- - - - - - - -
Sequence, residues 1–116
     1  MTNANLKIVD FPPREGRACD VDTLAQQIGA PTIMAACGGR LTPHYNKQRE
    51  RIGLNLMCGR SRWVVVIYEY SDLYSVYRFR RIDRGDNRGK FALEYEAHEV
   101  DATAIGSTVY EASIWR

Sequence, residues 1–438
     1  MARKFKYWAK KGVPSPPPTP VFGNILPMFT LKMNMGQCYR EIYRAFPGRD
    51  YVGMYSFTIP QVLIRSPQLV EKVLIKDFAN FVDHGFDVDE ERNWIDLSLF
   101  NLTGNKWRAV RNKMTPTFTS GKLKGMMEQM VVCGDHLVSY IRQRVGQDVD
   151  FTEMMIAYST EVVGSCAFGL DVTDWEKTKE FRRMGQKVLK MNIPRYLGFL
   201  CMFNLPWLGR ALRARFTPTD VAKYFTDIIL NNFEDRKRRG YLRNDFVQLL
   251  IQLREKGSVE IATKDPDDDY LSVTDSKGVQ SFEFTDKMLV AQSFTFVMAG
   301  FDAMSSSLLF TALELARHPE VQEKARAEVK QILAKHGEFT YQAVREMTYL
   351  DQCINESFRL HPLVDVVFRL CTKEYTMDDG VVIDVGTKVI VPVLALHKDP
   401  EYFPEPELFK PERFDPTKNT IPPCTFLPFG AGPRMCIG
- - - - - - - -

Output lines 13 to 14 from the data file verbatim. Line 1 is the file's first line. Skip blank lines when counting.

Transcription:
   351  DQCINESFRL HPLVDVVFRL CTKEYTMDDG VVIDVGTKVI VPVLALHKDP
   401  EYFPEPELFK PERFDPTKNT IPPCTFLPFG AGPRMCIG